Why Urban Farming?


As part of our Healthy & Whole series, we are thrilled to bring you this interview with farmer Amy Matthews and Program Coordinator Sarah Mullin of South Circle Farm. They are both dear friends and South Circle Farm is one of the preeminent farms here in Indianapolis. We’re impressed both by their devotion to the work and dedication to bringing local whole foods to our city. Check out the interviews below for Amy and Sarah’s unique perspectives on why they do what they do and why eating healthy, whole foods is so important.

The first time Alex and I set foot on South Circle Farm, we knew it was special. Here was an empty lot in downtown Indianapolis, surrounded by scrapyards and concrete, transformed into beautiful green space. Bees were buzzing, sunflowers blowing in the wind, and Amy was harvesting onions. The farm stand was brimming with tomatoes, eggplant, and zucchini, and busy with customers.

South Circle Farm is one of a handful of urban farms in Indy: it’s a 3-year old small business that grows fresh, healthy food using organic methods. We caught up with Amy and Sarah to understand more about why they’re so passionate about growing food in the middle of the city, their favorite farm-fresh eats, and what’s next for South Circle Farm.



Amy Matthews, Urban Farmer

What inspired you to become a farmer?
Desperate to shake off 16 years of school-book learning and a short stint in an office, I jumped at the chance to work for a friend’s family out on their organic farm in Montana. There began my real learning. I started eating real food and my taste buds changed, started working hard and my body changed, started experiencing farm life and my mind changed. From Montana, I worked in Chicago and Cleveland for non-profit farms with social programs and then managed a garden for chefs in Alaska, with many travels in between. I landed in Indy 4 years ago to start South Circle Farm.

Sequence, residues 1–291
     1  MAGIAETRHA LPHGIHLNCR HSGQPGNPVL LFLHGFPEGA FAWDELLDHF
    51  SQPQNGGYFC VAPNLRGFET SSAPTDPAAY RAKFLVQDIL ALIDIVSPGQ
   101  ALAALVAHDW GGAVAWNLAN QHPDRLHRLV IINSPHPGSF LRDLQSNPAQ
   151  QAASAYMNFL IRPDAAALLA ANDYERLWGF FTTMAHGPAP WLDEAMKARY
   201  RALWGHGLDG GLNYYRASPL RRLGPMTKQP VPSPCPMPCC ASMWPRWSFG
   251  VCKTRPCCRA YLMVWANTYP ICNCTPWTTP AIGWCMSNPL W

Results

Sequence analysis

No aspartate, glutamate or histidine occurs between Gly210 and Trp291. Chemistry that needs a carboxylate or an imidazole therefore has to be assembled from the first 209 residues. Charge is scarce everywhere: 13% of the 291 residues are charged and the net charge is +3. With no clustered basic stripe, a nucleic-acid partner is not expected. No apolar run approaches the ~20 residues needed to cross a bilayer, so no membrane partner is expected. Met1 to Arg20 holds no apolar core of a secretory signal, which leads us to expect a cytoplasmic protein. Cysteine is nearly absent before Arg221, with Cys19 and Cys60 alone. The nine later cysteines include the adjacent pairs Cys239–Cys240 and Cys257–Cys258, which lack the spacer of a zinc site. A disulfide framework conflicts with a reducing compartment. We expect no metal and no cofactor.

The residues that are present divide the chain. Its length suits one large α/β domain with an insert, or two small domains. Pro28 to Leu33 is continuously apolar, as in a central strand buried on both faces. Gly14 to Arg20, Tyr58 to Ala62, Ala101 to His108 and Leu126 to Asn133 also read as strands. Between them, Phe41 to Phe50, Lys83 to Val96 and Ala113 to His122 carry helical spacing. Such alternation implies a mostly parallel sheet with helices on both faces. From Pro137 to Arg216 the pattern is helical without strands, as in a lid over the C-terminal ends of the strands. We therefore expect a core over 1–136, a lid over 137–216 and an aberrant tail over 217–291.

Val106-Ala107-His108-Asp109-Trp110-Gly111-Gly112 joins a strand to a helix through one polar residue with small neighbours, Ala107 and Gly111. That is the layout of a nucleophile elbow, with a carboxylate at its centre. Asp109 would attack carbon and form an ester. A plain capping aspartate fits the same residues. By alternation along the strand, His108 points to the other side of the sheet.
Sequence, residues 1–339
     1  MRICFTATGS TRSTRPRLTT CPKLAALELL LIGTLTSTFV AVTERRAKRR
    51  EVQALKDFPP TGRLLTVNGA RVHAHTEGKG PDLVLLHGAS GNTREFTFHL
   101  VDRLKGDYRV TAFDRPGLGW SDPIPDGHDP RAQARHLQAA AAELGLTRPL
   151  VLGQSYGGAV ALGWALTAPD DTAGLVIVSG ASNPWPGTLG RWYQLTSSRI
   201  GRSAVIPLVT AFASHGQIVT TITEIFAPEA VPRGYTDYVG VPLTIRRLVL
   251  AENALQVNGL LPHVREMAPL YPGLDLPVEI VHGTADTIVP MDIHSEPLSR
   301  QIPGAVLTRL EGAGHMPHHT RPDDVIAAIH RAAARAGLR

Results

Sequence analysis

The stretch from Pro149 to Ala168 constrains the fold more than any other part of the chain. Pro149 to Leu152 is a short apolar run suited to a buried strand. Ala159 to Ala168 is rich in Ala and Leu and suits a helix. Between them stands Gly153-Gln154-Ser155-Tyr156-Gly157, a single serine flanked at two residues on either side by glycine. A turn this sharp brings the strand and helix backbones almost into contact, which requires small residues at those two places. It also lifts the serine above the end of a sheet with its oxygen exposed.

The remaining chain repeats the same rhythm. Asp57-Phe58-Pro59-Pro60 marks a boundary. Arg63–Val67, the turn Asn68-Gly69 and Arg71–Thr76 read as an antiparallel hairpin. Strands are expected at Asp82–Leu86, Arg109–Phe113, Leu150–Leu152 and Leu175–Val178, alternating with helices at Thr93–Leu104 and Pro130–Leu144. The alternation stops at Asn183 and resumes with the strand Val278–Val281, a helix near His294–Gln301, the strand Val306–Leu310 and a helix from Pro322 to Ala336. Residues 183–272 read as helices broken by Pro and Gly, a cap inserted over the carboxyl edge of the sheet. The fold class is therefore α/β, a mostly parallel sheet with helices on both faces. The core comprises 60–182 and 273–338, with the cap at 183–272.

Being a farmer is hard work and you work some long hours. What keeps you going?
What keeps me going is the constant evolution of the farm. There is always a new solution to a problem to try, a new trick to learn, a new season approaching. Just about the time you get so fed up with the spring flea beetle pests, or the summer zucchini flood, or the freezing fingers of the fall greens harvest, then a new season appears. Right now in mid-August, I am tired of long, late, hot work days. But I am beginning to notice the promise of fall in the slightly later sunrises and germinating carrot seedlings.

What goals and dreams do you have for South Circle Farm?
My goal is that South Circle Farm can create enough energy and resiliency to sustain itself ecologically, economically, and in the community. As the farmer, I need to manage the land to create maximum bounty within the natural limits. With even the best growing techniques of the day (still working on that!), a farm of this scale cannot survive and thrive without the dedication of a community of people. A main goal of South Circle Farm is that all the humans involved–farmers, farm workers, customers, family, friends, and the overall community–will be (literally) fed enough by the farm that they are inspired to keep “feeding” back into the farm. This human energy is our most important input.

Do you eat your produce regularly? What are some go to meals you eat in the summer?
I eat my produce every day. With out much time for cooking, I rely on garden snacks throughout the day! Right now the treat is the first crop of raspberries ripening every day.


At South Circle, we aim to demonstrate that with a little space and a lot of will power, small urban farms can improve our food system, beautify neighborhoods, enhance health, stimulate local economies, and create educational opportunities for our community.

Sarah Mullin, Program Coordinator

How would you describe the farm to someone who has never visited?